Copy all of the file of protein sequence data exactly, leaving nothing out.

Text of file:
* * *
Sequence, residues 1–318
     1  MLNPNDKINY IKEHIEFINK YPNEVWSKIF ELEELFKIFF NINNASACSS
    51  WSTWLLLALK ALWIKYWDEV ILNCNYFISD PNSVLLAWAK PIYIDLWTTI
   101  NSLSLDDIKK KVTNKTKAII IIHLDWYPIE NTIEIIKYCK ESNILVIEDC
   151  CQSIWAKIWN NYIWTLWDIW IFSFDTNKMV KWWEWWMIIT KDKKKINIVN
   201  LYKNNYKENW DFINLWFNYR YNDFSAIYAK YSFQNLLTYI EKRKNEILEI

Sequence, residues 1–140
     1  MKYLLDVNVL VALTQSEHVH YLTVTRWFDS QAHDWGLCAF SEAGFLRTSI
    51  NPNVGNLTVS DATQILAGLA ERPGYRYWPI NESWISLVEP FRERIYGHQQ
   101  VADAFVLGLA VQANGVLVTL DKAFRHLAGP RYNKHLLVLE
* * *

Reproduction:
Sequence, residues 1–318
     1  MLNPNDKINY IKEHIEFINK YPNEVWSKIF ELEELFKIFF NINNASACSS
    51  WSTWLLLALK ALWIKYWDEV ILNCNYFISD PNSVLLAWAK PIYIDLWTTI
   101  NSLSLDDIKK KVTNKTKAII IIHLDWYPIE NTIEIIKYCK ESNILVIEDC
   151  CQSIWAKIWN NYIWTLWDIW IFSFDTNKMV KWWEWWMIIT KDKKKINIVN
   201  LYKNNYKENW DFINLWFNYR YNDFSAIYAK YSFQNLLTYI EKRKNEILEI

Sequence, residues 1–140
     1  MKYLLDVNVL VALTQSEHVH YLTVTRWFDS QAHDWGLCAF SEAGFLRTSI
    51  NPNVGNLTVS DATQILAGLA ERPGYRYWPI NESWISLVEP FRERIYGHQQ
   101  VADAFVLGLA VQANGVLVTL DKAFRHLAGP RYNKHLLVLE